Like Zabrecky, Lovering also began to spend most of his time up there once he became a member, learning from the many magicians who would perform both onstage and at the bar. Besides serving as a place of entertainment for visiting guests, the Castle also functions as a sort of clubhouse/lodge for its many magician members. Walk through the old mansion with Lovering or Zabrecky, and they are constantly greeted by fellow magicians who have arrived to watch one another’s acts and talk shop. Over at the bar, a magician in a velvet suit and top hat, referred to as the “human cartoon,” scopes for girls, while another member, sporting a black eye patch, confides that he has come there just to get out of the apartment.

 

While Zabrecky and Lovering now seem to be gaining the respect of their magician peers, there was some initial resistance. Contrary to mainstream magic’s Loverboy-like aesthetic, Zabrecky’s act has always seemed more akin to the slightly foreboding style of David Lynch. “Early on I had an act where I was a funeral director, and I submitted a sample tape to perform at the Castle,” he says. “It was right after 9/11, and they said, ‘What are you doing? Keep your funeral director out of here.’ It actually took four years for me to perform up there. The old guard knows what they think works, and it’s a ’70s Love Boat–style illusion show with mullets and purple jump suits and girls getting sawed in half. They see that as the type of magic that appeals to the masses. I seem to be viewed as the Norman Bates of the Magic Castle.”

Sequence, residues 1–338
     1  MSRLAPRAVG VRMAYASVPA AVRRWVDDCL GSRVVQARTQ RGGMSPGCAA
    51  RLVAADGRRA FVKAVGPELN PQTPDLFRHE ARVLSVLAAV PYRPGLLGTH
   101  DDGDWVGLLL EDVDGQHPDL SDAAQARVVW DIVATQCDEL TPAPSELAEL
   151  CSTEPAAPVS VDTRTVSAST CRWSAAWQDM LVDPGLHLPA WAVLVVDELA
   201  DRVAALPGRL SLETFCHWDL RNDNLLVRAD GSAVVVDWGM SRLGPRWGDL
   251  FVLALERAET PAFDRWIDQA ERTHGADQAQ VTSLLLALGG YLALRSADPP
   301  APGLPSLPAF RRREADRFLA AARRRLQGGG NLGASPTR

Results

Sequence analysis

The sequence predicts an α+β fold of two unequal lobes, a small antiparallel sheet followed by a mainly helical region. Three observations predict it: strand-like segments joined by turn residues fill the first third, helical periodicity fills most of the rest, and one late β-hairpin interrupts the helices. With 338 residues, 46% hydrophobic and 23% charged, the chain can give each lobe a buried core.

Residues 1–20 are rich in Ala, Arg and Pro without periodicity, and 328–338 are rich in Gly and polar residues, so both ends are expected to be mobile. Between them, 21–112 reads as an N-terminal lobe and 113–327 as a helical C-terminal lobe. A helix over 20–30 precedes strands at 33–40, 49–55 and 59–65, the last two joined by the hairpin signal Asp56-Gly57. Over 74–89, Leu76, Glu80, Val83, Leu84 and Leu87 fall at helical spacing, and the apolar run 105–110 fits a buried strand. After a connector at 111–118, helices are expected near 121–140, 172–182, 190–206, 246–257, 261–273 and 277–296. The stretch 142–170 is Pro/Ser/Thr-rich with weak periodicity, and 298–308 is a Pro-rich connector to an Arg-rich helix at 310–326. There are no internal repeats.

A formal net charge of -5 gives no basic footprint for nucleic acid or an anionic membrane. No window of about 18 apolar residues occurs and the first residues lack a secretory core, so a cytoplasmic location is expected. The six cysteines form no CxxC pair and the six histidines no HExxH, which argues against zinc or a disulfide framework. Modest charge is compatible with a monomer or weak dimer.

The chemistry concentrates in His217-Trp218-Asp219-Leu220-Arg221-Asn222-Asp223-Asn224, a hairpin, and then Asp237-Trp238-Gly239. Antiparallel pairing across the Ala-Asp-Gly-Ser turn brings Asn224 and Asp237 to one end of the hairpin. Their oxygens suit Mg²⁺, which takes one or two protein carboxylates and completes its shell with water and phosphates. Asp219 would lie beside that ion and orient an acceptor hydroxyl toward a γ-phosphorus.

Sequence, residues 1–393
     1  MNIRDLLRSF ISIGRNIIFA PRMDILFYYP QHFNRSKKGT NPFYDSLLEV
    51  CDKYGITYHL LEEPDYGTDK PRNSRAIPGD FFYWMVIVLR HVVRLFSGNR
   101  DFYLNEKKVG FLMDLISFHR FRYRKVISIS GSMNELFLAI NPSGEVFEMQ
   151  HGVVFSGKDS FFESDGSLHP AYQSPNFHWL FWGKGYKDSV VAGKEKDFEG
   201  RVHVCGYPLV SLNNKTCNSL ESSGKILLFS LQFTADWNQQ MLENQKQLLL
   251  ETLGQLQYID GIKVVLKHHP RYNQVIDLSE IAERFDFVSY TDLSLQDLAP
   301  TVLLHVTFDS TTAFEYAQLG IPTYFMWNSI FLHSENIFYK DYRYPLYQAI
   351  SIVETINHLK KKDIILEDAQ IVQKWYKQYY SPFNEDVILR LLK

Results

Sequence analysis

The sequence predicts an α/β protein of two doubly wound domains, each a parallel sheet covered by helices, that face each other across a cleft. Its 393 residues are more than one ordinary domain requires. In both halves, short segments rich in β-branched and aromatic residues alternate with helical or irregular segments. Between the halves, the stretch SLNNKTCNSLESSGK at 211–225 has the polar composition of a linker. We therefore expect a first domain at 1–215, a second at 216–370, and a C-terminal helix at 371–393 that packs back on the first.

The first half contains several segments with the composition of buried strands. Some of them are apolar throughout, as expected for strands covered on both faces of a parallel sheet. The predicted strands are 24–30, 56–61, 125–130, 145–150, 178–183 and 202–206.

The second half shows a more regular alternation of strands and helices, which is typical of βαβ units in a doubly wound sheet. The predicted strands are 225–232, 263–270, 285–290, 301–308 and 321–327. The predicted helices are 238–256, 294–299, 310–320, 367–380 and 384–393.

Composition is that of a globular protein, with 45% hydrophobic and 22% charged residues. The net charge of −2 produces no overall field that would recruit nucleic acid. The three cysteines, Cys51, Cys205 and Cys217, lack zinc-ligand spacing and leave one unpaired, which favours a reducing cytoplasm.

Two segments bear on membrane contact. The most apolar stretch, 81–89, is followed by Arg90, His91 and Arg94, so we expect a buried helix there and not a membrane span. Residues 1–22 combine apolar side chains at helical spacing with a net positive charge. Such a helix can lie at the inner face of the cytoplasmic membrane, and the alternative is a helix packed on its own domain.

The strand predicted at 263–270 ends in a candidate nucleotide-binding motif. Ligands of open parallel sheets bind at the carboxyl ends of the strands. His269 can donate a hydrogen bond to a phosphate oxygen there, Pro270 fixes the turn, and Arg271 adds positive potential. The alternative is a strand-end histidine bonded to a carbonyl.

Just as Lovering has incorporated a love for science into his act, Zabrecky too has created his own personal style. Standing before an audience in a stark black suit, with piercing eyes, he explores a particular genre called “Mentalism,” which involves audience interaction, storylines and mind reading. “Because there are not a lot of props, it tends to be more theatrical,” he explains. “It’s just numbers and words unless you present it well. I like storylines, the Hitchcock plot that leaves you a bit uneasy. I usually play John Cage music to throw people off and make them feel uncomfortable.”

Recently, the Magic Castle newsletter featured an article on Zabrecky, Lovering, and another magician, called Fitzgerald. In true DIY fashion, the three of them, joined occasionally by a friend called “Handsome Jack,” have taken to performing unofficial shows every Friday night in an unused basement theater of the Castle, believing that the only way to truly perfect their craft is to perform constantly. The night management at the Castle began referring to them as “The Unholy Three” for their offbeat and irreverent performing styles. “It really is a new-wave, alternative, avant-garde kind of magic,” Lovering says. “In my show I make references to weed and masturbation. And while they don’t exactly frown upon us at the Castle, it’s definitely different from the stuffier atmosphere you tend to see there.”